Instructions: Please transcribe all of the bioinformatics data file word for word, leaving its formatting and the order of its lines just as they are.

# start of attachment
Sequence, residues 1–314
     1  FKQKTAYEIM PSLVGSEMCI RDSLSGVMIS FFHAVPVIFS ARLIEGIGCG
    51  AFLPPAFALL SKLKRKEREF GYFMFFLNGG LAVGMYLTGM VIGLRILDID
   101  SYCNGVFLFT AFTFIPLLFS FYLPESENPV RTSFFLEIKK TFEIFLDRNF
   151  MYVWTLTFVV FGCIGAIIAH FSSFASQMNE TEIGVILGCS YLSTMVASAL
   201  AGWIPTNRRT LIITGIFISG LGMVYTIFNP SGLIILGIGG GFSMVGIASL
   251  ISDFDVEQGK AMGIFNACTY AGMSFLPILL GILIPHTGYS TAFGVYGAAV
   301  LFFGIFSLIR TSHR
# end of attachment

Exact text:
Sequence, residues 1–314
     1  FKQKTAYEIM PSLVGSEMCI RDSLSGVMIS FFHAVPVIFS ARLIEGIGCG
    51  AFLPPAFALL SKLKRKEREF GYFMFFLNGG LAVGMYLTGM VIGLRILDID
   101  SYCNGVFLFT AFTFIPLLFS FYLPESENPV RTSFFLEIKK TFEIFLDRNF
   151  MYVWTLTFVV FGCIGAIIAH FSSFASQMNE TEIGVILGCS YLSTMVASAL
   201  AGWIPTNRRT LIITGIFISG LGMVYTIFNP SGLIILGIGG GFSMVGIASL
   251  ISDFDVEQGK AMGIFNACTY AGMSFLPILL GILIPHTGYS TAFGVYGAAV
   301  LFFGIFSLIR TSHR